Is this “pseudo-science”? What makes science “real” and what makes it “pseudo”? Is it real if it agrees with an old earth view and pseudo if it supports a young earth theory?

There’s an astrophysicist, for example, named Dr. Hugh Ross who was part of a panel that looked at recent scientific discoveries which “buttress the case for a biblical creator while continuing to erode the foundation for the evolutionary paradigm.” Am I to assume that this astrophysicist is pushing pseudo-science simply because of the conclusions he’s drawing?

Unfortunately Mr. Lawhead doesn’t elaborate on his comments any further except to say that the Roman Catholic Church has “continually pursued a policy of active involvement in scientific inquiry and advancement, quite notably through the Vatican Observatory” (p 38).

I’ll likely have more to say on this subject since the science of this science fantasy pushed its way to the forefront in The Shadow Lamp.

Take time to see what the other tourists have to say about this thought-provoking book. As usual, check marks link to tour articles.

7 Comments

  1. I like your thoughts (as usual). I’m not a “young earth” proponent myself (though it’s definitely not outside the realm of possibility) but I think you put a finger on part of why the essay rubbed me the wrong way.

    I would have also loved to see a list of sources. Of course, “the Internet” is not a great source, but I spent some time looking and couldn’t find any sites that said Galileo was a priest. I’m not saying he wasn’t, but it would be nice to know where this new interpretation/evidence came from.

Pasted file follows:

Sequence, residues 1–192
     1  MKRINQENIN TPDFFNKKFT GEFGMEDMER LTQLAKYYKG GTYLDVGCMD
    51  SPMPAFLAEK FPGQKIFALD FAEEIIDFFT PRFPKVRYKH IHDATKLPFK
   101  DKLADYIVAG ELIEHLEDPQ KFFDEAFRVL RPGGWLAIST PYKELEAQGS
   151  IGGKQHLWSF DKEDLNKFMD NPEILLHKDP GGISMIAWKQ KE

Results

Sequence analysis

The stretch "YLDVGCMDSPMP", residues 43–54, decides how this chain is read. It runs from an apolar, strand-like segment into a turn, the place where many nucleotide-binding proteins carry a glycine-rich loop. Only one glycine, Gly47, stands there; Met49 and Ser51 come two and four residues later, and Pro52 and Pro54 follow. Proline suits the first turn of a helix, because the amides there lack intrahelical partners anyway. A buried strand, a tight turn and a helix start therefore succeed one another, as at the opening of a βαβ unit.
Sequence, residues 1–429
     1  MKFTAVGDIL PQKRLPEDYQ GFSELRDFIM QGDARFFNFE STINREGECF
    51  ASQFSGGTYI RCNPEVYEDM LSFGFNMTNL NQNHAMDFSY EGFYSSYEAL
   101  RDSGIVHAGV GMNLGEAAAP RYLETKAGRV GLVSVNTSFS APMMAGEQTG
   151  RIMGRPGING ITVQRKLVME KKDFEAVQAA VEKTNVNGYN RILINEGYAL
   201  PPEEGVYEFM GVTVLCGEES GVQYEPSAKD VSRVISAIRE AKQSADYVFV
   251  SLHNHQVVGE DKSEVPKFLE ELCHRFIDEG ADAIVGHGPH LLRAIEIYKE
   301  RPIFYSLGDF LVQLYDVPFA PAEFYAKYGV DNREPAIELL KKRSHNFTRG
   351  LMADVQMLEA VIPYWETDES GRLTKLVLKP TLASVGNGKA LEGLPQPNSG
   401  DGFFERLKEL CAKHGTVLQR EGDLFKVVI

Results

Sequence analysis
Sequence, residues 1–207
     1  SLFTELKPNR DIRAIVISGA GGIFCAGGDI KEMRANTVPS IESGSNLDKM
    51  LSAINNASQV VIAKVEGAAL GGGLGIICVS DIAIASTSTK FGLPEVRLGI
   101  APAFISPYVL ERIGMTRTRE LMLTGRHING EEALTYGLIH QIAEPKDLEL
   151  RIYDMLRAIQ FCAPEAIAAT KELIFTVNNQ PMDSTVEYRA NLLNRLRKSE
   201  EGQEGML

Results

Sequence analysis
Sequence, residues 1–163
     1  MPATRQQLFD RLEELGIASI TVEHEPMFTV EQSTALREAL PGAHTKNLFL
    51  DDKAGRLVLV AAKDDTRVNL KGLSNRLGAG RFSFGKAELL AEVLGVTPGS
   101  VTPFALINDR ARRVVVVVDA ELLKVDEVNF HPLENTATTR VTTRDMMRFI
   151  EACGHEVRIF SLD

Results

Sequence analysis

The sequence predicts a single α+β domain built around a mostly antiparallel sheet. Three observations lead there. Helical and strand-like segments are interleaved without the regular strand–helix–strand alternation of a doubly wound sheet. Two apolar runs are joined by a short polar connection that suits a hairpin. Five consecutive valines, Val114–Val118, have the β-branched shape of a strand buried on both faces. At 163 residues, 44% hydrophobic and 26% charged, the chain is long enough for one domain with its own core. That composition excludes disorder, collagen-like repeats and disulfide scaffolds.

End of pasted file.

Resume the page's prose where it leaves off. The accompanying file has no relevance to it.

(Though not being a Catholic, the traditional story of Galileo doesn’t rankle me as much as it might some others.)

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  2. It’s funny I’ve never held to a set belief of how old the earth is. I can see that it could go either way with the philosophy that 1 day is as a 1000 years to God and I’ve also never limited Him to our Terrestrial year, as each planet within our own solar system has a wide offering of year length.

    Thanks for sharing your thoughts.

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  3. Espousing any theory as fact about creation is pseudo science. It can’t be observed or re-created in a lab. It is just theory. I hold to the young earth arguments and their theories based on the hermeneutics of Genesis and other scriptures dealing with creation. Anyone hearing Moses in his day would hold the same belief. I also think that holding the long age view would undermine scripture.

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  4. […] “Science And Pseudo-science” I mentioned a writing principle author and writing instructor Orson Scott Card laid out in Writing […]

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  5. Becky, I drew a random winner of my book give-away riddle contest … Angela Statz! She, along with a number of others came up with the correct answers to all three riddles, each posted on one of the days of the tour.

    Thanks again for hosting the tour!

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  6. […] page or author page. Finally, Becky Miller is our tour guide, and she gathers all the posts together here from all of the participants. I’ll have my review of The Shadow […]

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  7. […] stay in the shadows of my memory when all is said and done. If you wonder what others are saying, Becky Miller has the list of all the participants. So I’ll see you on the other side of the ley lines.  […]